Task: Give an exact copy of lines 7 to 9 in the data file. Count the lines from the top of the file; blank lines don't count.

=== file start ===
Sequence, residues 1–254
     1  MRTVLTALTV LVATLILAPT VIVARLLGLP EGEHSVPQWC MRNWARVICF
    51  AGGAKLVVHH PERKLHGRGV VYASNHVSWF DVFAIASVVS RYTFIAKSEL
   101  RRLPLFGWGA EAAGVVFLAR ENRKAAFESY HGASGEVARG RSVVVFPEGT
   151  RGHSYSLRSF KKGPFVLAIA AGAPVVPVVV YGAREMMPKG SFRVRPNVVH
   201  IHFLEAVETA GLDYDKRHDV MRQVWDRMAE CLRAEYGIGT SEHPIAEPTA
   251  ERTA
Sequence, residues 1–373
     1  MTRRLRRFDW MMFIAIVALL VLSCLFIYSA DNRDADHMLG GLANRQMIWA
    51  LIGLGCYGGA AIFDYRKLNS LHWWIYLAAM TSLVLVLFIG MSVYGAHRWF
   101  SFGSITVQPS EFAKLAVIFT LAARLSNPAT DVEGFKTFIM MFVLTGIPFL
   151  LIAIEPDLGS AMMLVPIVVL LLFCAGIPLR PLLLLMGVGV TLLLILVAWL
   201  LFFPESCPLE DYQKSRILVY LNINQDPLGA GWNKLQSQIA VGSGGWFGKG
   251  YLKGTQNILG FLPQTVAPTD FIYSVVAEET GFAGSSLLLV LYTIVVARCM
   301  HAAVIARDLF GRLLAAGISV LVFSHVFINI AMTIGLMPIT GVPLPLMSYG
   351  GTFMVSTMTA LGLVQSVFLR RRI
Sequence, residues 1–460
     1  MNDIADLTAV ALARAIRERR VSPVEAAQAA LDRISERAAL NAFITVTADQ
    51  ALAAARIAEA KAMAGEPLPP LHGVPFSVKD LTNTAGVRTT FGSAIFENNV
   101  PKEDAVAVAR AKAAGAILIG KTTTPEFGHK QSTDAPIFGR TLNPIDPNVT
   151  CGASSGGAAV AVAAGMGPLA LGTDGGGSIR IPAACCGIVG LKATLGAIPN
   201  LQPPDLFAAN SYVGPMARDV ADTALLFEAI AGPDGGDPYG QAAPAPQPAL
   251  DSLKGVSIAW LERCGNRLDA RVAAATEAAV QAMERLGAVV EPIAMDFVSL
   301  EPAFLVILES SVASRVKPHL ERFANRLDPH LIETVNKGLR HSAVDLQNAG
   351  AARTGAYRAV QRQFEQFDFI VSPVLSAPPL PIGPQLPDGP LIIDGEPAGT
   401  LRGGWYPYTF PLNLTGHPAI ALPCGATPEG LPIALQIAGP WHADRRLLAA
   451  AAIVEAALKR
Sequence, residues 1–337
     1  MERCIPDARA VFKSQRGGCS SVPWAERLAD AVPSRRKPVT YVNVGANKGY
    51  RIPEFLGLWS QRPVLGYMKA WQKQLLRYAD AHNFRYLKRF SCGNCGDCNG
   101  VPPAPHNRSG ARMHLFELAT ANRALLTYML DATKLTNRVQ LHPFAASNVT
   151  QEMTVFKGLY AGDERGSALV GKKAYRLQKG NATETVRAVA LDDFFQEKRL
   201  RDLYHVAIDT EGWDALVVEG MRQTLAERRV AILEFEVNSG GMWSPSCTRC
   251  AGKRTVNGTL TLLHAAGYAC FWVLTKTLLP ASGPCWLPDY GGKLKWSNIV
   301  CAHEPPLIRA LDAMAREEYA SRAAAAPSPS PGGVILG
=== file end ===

   251  ERTA
Sequence, residues 1–373
     1  MTRRLRRFDW MMFIAIVALL VLSCLFIYSA DNRDADHMLG GLANRQMIWA